Nevertheless, our faith overcame our fear. The transplant took place at the Good Samaritan Hospital in Phoenix, Ariz. by a fabulous team of physicians and medical staff. With their medical expertise, and with much prayer, fasting, and support from family and friends, the transplant proved successful. It took my brother about three months to fully recuperate his energy, and about that same amount of time for his liver to regenerate to normal size. Amazingly, I missed more than a month of med school and still walked with my class at graduation.
On Dec. 1, 2014, we celebrated the ten year anniversary of our transplant. Looking back, it’s obvious that the event stands as a pivotal and defining moment in my life, as well as my brother’s. I believe we are stronger brothers, friends and physicians because of this trial.
After the transplant, both my brother and I became gastroenterologists; as it seemed natural and necessary to share our knowledge and experience with others in similar circumstances. Today, we feel blessed to serve patients who we relate to on a variety of levels – emotional, mental and physical. We relate to the worrisome thoughts that come at night, we understand the family conversations that focus on health, and we foresee many questions patients ponder. We’ve felt similar fears, and also similar joys that come with medical care. I know that this empathy makes us better physicians, and I marvel at the many times our experiences provide benefit for others.
For example, I recently cared for a single young woman, less than 30 years old, who was at risk for colon cancer. Best practice protocols recommend removal of the colon in high risk situations; and if it’s low risk, patients have the choice to either remove the colon or continue with a vast number of random biopsies in six months. The thought of having her colon extracted, and therefore being permanently attached to a bag in order to remove bodily waste, left my patient sobbing tears of despair. And, oh, how I could relate to her initial shock and worries.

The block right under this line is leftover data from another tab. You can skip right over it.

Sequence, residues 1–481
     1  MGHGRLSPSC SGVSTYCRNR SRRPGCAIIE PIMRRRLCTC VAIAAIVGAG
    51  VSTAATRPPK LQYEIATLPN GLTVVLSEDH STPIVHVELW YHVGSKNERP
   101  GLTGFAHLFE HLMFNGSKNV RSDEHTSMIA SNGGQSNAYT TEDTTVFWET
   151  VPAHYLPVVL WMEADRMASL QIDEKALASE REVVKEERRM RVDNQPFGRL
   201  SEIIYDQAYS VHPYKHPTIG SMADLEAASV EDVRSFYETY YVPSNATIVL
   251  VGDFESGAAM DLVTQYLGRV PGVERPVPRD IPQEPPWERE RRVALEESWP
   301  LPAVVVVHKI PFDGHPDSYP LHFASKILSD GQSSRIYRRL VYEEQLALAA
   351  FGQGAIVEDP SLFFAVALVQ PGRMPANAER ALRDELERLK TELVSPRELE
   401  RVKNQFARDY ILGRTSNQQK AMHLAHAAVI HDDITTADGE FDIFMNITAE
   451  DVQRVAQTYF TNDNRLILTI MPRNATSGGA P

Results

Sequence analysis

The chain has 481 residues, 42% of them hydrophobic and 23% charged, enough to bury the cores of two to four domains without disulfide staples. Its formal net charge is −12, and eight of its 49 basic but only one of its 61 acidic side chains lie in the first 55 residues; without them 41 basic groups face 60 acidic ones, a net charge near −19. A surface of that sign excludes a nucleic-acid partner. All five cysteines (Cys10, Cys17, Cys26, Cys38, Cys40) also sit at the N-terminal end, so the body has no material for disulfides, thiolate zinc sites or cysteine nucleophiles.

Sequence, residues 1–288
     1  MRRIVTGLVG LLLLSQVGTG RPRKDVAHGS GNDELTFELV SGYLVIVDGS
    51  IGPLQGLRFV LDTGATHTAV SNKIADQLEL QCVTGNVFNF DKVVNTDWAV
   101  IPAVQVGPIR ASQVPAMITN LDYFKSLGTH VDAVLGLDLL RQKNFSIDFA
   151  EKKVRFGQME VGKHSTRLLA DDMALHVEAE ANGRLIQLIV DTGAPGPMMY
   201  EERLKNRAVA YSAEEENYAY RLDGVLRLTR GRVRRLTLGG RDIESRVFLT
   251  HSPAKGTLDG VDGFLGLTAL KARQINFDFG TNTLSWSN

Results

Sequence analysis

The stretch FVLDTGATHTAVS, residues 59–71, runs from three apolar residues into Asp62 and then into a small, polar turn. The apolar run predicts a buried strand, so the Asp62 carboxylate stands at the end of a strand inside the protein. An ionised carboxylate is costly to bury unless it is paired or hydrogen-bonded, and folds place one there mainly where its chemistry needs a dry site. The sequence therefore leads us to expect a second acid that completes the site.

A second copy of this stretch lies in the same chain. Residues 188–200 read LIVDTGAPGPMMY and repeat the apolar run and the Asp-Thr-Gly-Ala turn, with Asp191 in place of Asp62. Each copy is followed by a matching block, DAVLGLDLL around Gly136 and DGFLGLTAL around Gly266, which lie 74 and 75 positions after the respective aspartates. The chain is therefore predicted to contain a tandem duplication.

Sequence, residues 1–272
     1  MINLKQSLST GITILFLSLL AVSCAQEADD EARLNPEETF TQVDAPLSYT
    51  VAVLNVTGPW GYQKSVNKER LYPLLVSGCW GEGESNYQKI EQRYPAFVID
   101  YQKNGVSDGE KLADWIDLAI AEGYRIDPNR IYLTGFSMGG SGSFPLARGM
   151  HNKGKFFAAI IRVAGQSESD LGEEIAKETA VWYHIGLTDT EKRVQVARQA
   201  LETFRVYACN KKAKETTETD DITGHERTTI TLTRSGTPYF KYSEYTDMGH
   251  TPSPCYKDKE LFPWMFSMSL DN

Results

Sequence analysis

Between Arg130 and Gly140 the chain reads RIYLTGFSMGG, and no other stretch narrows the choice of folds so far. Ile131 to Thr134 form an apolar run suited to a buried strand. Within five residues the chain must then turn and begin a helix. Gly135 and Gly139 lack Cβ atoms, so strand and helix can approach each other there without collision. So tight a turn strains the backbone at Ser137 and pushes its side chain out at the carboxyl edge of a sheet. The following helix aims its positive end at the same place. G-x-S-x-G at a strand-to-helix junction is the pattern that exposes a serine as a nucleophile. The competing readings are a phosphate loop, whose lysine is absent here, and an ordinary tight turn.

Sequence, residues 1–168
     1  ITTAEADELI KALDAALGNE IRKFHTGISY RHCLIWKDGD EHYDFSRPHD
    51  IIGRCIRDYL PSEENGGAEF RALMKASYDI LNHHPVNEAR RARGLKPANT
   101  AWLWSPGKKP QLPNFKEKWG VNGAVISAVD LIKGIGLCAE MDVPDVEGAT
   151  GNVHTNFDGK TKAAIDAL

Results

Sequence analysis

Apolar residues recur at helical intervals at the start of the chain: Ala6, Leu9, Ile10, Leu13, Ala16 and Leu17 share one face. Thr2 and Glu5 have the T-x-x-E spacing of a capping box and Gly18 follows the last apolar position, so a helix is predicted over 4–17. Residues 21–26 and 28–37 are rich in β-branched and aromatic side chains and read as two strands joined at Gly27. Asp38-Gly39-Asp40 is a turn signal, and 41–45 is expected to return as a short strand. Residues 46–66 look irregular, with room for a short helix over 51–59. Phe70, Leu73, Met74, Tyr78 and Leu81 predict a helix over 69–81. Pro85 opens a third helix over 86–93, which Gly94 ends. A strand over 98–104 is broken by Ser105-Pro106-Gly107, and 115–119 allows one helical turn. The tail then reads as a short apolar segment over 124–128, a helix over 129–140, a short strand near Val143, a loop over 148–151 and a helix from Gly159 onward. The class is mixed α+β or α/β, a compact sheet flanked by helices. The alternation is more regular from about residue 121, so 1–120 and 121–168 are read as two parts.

A few years after my transplant, I too needed a colectomy (due to ulcerative colitis, a common consequence of PSC). I empathized with this young woman’s fears, and pacified some of them. In sharing my story with her, I assured her that an active lifestyle can continue even when a person is required to wear a bag of bodily waste near the front of the abdomen. As the conversation progressed, the young woman’s tears dried, she began to breathe more deeply and her head wrapped around the concept. She realized she could still experience a relatively normal, high quality life; and she walked away from the appointment with hope.
My wise brother notes that some people receive trials in life, while other people choose them – but either way, we all face difficulties. He’s spot on. In our circumstance, he chose to become a living liver donor, while I received the lot of recipient – either way, we both faced something difficult. I’ve found the most rewarding results come by transforming trials into beneficial experiences for others. And bottom line, that’s why I dedicate my time and talents to metamorphosing the brotherly love given to me into brotherly love and the best quality healthcare for the patients I serve.